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"By the first race in the US Olympic trials ... some 360 small-boat skippers and crews in 180 boats in six classes will have devoted an estimated 100,000 man-hours and $1,000,000 into efforts to make the 12-man team at the Kingston Olympics. Many of these sailors quit jobs or school as early as January, and most if not all will start this month preparing their boats and themselves on at least a half-time basis. If these sailors were less individualistic, they could combine their resources, talents and energies to produce one 12-Meter, a dozen One Tonners or 50 Quarter Tonners, but they prefer beating their heads against each other in small boats on short courses in search of personal glory."--John Rousmaniere, Yachting, March 1976.
Harvard junior Andy Berg left Cambridge last week for Lake Minnetonka, Minnesota, to rejoin the battle. The ad board gave him permission to take his only final exam in absentia, so Berg won't be returning to Harvard until next September, hopefully with an Olympic medal in the Tempest class gained by crewing for Andy Schoettle.
Minnetonka is only the point of departure, however. The real battle takes place June 12 on Lake Ontario at the U.S. Sailing Center, when some 36 Tempests race for the right to be the one boat to represent the United States in the Tempest class, one of six separate classes at the 1976 Olympics at Kingston, Ontario. Berg and Schoettle, Derek Bok's brother-in-law, want to be in that boat.
"And if we don't make it this time," Berg said before departing, "I'm going to try again and again and again until I do."
So in Minnesota, where Schoettle lives and is tenured at the University of Minnesota Law School, the pair will begin an intense, month-long campaign that will culminate at the trials against the best Tempest sailors in the country.
The schedule takes them first to Toronto for sail-testing with Hans Fogh, one of the top sail designers in the world; then to San Diego for more sail-testing with two-time Yatchsman of the Year Dennis Conner; to Annapolis, Maryland, for the Eastern Eliminations; and finally up to Noroton, Connecticut, to tune up with the top American Tempest sailors Jack and Jim Linville or with Canadians Allan and Lorne Leibel.
All of this is only the end of an 18-month campaign, during which Schoettle and Berg have sailed together in preparation just to make the Olympic team. But while Berg has plenty of Olympic chances to look forward to, this will be the last chance for Schoettle.
Schoettle has been in the battle a long time. He skippered a 5.5 meter in the 1956 Olympics at Melbourne and came within 15 seconds of a bronze medal, and in 1960 served as an alternate for the 5.5 an Finn class. His brother crewed for Dr. Briton Chance in a 5.5 in the 1952 Olympics and came home with a gold medal, and finished second in a Tempest to Glen Foster in the 1972 U.S. trials and went to Keil as an alternate. He is no stranger to Olympic sailing.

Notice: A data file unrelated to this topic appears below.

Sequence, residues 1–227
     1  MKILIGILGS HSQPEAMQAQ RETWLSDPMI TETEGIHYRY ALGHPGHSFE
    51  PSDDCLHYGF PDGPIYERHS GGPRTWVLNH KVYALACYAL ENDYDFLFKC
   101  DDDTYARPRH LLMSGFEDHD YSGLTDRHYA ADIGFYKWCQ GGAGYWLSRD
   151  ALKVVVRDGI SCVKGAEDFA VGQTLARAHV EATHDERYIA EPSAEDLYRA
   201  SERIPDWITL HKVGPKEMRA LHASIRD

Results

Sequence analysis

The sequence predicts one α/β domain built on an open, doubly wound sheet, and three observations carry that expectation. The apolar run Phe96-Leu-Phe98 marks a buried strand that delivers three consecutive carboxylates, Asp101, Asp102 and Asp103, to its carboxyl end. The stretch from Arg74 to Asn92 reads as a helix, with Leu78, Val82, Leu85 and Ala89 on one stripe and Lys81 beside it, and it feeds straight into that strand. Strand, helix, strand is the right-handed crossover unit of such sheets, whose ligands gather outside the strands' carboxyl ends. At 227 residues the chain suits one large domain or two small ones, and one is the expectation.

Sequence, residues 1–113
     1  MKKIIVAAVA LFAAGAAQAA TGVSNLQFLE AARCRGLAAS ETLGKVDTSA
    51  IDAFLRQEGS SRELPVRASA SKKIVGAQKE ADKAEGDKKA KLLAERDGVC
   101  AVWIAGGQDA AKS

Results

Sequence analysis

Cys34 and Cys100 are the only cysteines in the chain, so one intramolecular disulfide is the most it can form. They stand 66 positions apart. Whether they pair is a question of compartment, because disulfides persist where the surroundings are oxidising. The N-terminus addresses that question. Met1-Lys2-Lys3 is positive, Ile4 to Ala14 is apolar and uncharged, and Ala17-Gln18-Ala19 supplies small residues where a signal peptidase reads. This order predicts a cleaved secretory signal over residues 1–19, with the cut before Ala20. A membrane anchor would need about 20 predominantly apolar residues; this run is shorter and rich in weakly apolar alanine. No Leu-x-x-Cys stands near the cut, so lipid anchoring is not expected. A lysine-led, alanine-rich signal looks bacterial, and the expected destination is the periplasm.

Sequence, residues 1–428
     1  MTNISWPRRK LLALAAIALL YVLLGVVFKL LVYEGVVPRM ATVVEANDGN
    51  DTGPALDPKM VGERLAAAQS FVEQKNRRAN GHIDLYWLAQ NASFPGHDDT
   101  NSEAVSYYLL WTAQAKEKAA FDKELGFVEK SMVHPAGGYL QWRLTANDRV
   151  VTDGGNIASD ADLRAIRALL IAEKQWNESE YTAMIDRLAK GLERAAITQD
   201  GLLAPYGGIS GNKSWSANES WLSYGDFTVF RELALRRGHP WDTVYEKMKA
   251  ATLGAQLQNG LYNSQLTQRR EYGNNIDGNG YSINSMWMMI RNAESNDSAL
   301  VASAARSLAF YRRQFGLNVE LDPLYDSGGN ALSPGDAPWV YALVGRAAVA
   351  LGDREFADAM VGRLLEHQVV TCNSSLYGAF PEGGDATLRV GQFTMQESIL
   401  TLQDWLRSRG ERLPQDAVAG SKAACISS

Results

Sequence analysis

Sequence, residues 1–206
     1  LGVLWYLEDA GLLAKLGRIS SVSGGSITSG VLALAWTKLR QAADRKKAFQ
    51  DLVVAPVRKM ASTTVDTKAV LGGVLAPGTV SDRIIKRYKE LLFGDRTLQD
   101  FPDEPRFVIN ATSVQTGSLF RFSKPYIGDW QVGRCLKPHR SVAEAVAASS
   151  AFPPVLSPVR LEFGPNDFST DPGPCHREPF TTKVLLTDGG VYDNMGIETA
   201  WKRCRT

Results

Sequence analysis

But the pace is not an easy one to keep up with, even if it is only every four years. This year, the serious Tempest competitors will have spent from $10,000 to $15,000 and thousands of hours on the water and in the sail-loft by the time the trials are over.
"Between now and the trials, we will do nothing but boat," Schoettle said yesterday from his home in Minneapolis, adding somewhat reluctantly, "Yes, there's no question. I guess this is my last chance."
For his finale, he chose Berg as his crew. Berg has the size required to sail the Tempest, which has a relatively ineffective keel and a large sail area of 247.6 square feet, making the job of keeping the boat flat in heavy air suited to a big crew. Berg is 6 ft., 3 in. and weighs 230 pounds. "And I could go up another 15 pounds for the trials," he adds.
If there is a lot of wind on Lake Ontario, as is likely, then weight could be a big factor. The Linville brothers, former world champions and winners at the recent SPORT regatta at St. Petersburg, could be hindered by the fact that crew Jim weighs only 200 pounds.
The man to beat, however, appears to be Dennis Conner. And he will neither lack the weight (his crew Con Finley, an Olympic gold medal rower, is 6 ft., 7 in., 225 lbs.) nor sailing time, even though he has only been sailing in the class for a year. Since he bought two Tempests after the 1975 pre-Olympics at Kingston, Conner has spent some 200 days in his boat.
In his first regatta, the North Americans, Conner finished second to Bruce McLeod and Charlie Horter of Philadelphia, and he came up third at SPORT. He will be at Association Island, the site of the trials, a month ahead of the racing, practicing every day to make the team.
But Conner, though maybe a bit extreme, is certainly not atypical of the Tempest competition. "You really have to be dedicated," Berg commented. "It's a lot of money and aggravation, my parents have been bitching at me because I'm screwing up my studies. But it's worth it."
Apparently so, or there wouldn't be so many people like Schoettle or Connor or the Linvilles (who have been a team for seven years) or '72 gold medal winner Foster, or Argyle Campbell, or Bill Cox Jr., or any of the other dedicated combatants in the Tempest class.
"It's like living every four years to four years," Berg said. "There are people who have been trying 20 years to make it to the Olympics, and they're eventually gonna make it, if they don't die first."
Length: 21 ft. 11 3/4 in.
Waterline: 19 ft. 3 in.
Beam: 6 ft. 5 1/2 in.
Draft: 3 ft. 7 in.
Sail area: main and jib, 247.6 sq. ft.
Spinnaker: 225 sq. ft.
Minimum hull weight: 977 lbs.
Designer: Ian Proctor
Top U.S. competition: Jack Linville, Dennis Conner, Glen Foster, Bruce MacLeod, Bill Cox Jr., Argyle Campbell, Andy Schoettle, Van Alan Clark and Peter Barrett.
Top foreign competition: John Albrechtson, Sweden; Giuseppe Milone, Italy; and Uwe Mares, Germany.
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